Getting rid of our A&E would be ‘catastrophic’

DOCTOR ON CALL. Pictured at an Exhibition and Dinner to mark the 75th Anniversary of the Robinson Hospital on Wednesday evening at the Town Hall are Dr Bert Harvey and Dr John Robb.BM26-031SC.
DOCTOR ON CALL. Pictured at an Exhibition and Dinner to mark the 75th Anniversary of the Robinson Hospital on Wednesday evening at the Town Hall are Dr Bert Harvey and Dr John Robb.BM26-031SC.

ONE of the doctors who campaigned for a new hospital in Coleraine from the late 1970’s says that there will be catastrophic consequences if health bosses remove acute services from the Causeway Hospital.

Dr John Robb, who was present at Stormont last week for the debate on the proposal to remove acute services at the hospital, said: “Having worked as a surgeon in the Causeway Hospital’s predecessor, campaigned for the new Causeway Hospital not so long ago, and having been an inpatient, outpatient and visitor in the Causeway Hospital, I wish to express dismay at the current proposal to remove its A&E unit.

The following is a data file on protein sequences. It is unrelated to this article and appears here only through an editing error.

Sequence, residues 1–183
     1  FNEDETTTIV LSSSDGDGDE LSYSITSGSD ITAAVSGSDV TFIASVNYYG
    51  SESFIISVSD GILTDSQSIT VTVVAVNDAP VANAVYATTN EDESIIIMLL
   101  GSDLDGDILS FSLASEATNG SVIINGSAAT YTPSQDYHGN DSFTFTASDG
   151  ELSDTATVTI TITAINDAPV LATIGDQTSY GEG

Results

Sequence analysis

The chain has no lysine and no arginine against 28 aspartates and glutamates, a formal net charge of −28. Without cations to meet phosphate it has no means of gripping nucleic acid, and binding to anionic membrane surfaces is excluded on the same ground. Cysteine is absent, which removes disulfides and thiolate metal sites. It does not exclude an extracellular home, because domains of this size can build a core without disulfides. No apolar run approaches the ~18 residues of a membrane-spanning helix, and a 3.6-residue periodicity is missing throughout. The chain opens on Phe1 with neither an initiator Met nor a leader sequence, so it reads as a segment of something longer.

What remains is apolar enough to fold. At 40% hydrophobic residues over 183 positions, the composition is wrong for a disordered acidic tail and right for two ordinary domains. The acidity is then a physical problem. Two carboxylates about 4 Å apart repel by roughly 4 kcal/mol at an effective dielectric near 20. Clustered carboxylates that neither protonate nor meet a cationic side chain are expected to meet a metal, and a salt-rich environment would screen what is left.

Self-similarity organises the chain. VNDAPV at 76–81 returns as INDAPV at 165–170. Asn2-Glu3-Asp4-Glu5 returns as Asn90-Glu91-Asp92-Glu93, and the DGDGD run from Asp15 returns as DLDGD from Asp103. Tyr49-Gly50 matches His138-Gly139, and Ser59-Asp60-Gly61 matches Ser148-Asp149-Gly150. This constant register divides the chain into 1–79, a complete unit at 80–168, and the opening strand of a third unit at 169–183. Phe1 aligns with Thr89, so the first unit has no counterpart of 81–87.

“I don’t think it is a good idea to have people who have no medical experience running the health service, making decisions, and trying to recruit staff.

“Nobody who has a nine-to-five philosophy and sits in an office all day knows what the health service needs.

“Getting rid of the A&E at the Causeway Hospital would be catastrophic and would certainly put people’s lives at risk particularly when it comes to emergency situations — such as the one encountered at the NW 200 where they need immediate resuscitation.”

Dr Robb’s comments come just weeks after another senior doctor warned of the dangerous consequences of closing services at the Causeway Hospital.

Dr Owen Finnegan, a consultant physician, said any attempt to cut acute services at the Causeway Hospital will lead to “significant health risk” and “significant deterioration in the delivery and standard of healthcare”.

STORMONT DEBATE SPECIAL P21